Driving Tricks To Help You Survive Accidents

Many automobile accidents happen in fractions of a second or are completely unavoidable. A skilled driver, however, can minimize the chances of injury by learning these tricks.

Sometimes the difference between a horrific wreck and a survivable crash is the brake pedal you failed to hit or the clearing you failed to find. Successful defensive driving involves making decisions which may feel counterintuitive at first. Accelerating a car during a crash may not seem like the best solution, but it might beat braking and losing all maneuverability. Steering deliberately into a guardrail may seem suicidal, but it's preferable to a head-on collision at highway speeds. An accident can occur in a fraction of a second, so learning how to anticipate the actions of other drivers involved can help you survive.

Here are some driving tricks which can improve your chances of surviving a serious car wreck:

1. When in doubt, steer to the right. Metal can be fixed, but sometimes bodies can't. If you sense a potential accident in front of you (a chain reaction pile-up, for example), your natural reaction should be to steer to the right. There may be a guardrail or a utility pole or trees in your path, but none of them are travelling at highway speeds. Turning to the left could result in a head-on collision if you cross the median and staying straight could guarantee you'll be next in the pile-up. Most highways are designed to have some clearance on the right for just such driving emergencies. This is why there are signs discouraging drivers from parking on the shoulder of a freeway.

2. Protect the driver with aggressive steering. This is a grim choice to make, but if an accident appears inevitable- the other driver is directly in your path and not avoidable- then steer your car to the left to protect yourself, not your passengers. In an unavoidable collision, you'll want as much metal between you and the other driver as possible. In a direct head-on collision, your engine block should snap off and drop, but there could still be significant intrusion into your passenger compartment. If you have the chance to turn left sharply, then the impact will be on your passenger side and not the engine block. You may still be able to drive out of the wreck or escape through the driver's side window.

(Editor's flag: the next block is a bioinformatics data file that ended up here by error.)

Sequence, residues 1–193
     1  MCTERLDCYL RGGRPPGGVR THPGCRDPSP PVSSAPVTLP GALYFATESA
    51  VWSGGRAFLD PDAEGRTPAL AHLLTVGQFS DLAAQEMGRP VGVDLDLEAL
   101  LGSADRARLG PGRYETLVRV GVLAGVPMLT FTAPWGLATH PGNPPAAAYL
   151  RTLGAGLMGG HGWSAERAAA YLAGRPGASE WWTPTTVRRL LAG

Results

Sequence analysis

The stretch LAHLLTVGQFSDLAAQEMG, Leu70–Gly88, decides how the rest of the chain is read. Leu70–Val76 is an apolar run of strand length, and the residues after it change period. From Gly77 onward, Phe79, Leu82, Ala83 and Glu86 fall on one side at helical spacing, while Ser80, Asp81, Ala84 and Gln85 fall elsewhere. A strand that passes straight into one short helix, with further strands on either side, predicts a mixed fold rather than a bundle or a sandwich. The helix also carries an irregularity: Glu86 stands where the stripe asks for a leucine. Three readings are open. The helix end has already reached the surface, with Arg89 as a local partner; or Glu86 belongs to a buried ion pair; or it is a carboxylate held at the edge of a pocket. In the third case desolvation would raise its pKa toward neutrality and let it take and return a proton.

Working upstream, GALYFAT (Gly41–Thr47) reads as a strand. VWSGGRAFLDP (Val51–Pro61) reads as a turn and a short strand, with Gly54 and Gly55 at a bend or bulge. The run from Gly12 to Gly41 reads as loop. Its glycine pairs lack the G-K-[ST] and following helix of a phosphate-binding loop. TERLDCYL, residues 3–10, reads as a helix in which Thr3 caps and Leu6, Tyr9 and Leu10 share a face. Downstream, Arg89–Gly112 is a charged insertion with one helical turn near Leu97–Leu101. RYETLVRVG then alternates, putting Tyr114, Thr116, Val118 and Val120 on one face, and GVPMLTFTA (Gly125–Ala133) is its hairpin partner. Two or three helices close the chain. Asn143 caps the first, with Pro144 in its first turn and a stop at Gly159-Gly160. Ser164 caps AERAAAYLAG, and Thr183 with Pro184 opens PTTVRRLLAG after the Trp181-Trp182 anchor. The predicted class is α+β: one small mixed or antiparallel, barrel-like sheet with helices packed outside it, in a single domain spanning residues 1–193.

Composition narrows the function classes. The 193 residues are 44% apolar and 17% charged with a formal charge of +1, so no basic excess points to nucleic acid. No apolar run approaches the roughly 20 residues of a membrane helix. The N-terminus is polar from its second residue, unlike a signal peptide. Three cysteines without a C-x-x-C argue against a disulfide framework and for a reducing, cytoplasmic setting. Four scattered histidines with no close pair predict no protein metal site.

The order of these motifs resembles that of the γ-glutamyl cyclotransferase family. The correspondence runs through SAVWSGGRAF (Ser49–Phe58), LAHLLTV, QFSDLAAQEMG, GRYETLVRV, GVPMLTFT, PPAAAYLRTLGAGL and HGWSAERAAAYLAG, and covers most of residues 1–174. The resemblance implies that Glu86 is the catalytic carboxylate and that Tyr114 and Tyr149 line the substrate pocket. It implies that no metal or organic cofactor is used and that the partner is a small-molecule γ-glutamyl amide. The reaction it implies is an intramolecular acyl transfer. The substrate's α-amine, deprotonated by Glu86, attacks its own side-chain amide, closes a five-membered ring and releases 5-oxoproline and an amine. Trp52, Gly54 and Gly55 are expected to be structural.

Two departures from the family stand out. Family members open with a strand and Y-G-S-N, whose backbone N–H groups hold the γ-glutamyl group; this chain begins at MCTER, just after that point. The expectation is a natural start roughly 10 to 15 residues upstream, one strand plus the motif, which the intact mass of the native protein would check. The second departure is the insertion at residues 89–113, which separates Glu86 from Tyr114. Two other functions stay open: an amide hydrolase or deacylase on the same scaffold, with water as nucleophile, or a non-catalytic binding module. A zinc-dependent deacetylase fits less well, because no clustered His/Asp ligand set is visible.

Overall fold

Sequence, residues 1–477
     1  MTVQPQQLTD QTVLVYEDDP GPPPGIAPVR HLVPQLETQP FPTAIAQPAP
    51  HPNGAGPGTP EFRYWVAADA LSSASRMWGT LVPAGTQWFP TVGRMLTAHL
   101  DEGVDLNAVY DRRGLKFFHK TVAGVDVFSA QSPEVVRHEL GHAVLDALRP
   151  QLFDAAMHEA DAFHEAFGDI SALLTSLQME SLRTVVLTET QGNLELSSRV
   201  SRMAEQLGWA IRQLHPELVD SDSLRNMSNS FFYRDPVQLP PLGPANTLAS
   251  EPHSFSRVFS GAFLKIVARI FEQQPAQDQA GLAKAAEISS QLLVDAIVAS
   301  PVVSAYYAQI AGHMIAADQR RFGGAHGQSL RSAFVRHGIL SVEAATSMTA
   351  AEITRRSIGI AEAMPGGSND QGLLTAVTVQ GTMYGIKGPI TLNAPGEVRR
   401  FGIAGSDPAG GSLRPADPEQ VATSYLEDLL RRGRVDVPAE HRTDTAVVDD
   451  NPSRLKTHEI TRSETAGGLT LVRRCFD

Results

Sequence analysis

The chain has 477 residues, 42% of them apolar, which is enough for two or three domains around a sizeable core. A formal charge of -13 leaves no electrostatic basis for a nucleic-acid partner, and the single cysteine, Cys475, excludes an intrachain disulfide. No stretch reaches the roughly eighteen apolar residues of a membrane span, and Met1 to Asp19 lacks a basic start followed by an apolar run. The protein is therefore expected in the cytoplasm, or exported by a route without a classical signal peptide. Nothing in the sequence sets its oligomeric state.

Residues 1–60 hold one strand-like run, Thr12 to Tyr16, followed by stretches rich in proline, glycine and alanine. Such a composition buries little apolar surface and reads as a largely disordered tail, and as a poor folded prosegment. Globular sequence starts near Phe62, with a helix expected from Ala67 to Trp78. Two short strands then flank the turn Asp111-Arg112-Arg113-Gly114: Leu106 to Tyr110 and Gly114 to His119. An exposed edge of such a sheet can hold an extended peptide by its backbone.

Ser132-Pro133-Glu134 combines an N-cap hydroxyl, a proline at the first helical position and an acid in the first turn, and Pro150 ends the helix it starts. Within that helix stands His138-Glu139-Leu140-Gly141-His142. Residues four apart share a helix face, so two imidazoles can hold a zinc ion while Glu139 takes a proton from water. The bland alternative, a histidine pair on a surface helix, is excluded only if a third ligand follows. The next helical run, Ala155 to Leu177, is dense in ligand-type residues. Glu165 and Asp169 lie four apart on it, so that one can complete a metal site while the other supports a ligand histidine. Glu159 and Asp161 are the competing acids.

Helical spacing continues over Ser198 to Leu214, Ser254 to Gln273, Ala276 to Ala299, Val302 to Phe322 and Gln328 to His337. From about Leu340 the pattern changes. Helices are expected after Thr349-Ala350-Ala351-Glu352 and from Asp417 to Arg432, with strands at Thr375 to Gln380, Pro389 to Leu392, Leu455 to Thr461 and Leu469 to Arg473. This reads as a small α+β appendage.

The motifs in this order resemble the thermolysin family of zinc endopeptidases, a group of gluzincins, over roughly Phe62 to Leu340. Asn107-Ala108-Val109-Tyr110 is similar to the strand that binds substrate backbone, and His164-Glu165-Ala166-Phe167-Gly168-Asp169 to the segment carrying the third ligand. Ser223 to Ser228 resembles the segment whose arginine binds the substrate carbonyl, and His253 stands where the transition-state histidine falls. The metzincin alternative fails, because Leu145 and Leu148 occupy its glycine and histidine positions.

3. Think like a NASCAR driver. Cars are subject to the laws of physics, so they often follow predictable patterns in an accident or collision. A car sliding into another car on the left will continue to move left until something stops it. This means that the right side of the road will be clear for a few seconds at least. If you see such a wreck in front of use, drop down to the right hand side of the road and accelerate until you have cleared the other cars.

If a car's rear quarter panel is tapped from behind, the front end of the car will most likely twist in the direction of the quarter panel that was struck. This means steer your car to the opposite direction until you've cleared the accident scene. For example, a car changing lanes too quickly may strike the right rear quarter panel of the car in the new lane. The struck car will probably spin to the right and its passenger side will be exposed. By steering to the left, you'll allow that driver to recover in the right lane and you'll only strike his rear, if you hit him at all.

4. Be prepared to accelerate, not brake. Braking is an instinctive reaction to a driving threat, but it won't always prevent accidents. Sometimes it helps to think like a running back on a football team. Sometimes during an accident, holes will be created which will allow you to drive away from danger. Braking at high speeds may take away your maneuverability and send you plowing into another car anyway. If you can anticipate the actions of another driver, you can look for opportunities to punch your way out. Quite often the right hand side of the road is clear enough to accelerate through a bad wreck.

5. For a sudden change of direction, try a bootlegger's turn. Sometimes a sudden accident in front of you may require a quick change in direction. There is a driving trick used by stunt drivers called a bootlegger's turn which will allow you to change direction in a hurry while still maintaining some control over the car.

The trick is to turn around and accelerate before any collision can happen.

To perform a bootlegger's turn, you must have it in your mind that such a turn is necessary. You won't have much time to think about it when it actually happens.

If you need to make a 180 degree turn from a potential accident, maintain your forward speed as long as you can- aim for 45 mph at least. When you're ready to take the bootlegger's turn, a few things have to happen almost simultaneously.

First, grab your emergency brake with one hand or stab the emergency pedal on the floorboard with your non-driving foot. Keep your hand near the brake release. At the same time you apply the emergency brake, steer the car completely to the left or right. Steer hard and fast. The car should skid forward and then turn sharply. The rear or the car should slide around, leaving you facing in the opposite direction. Release the emergency brake and accelerate quickly, avoiding oncoming traffic. This maneuver will get you out of harm's way faster than most other turns you could make.

© High Speed Ventures 2011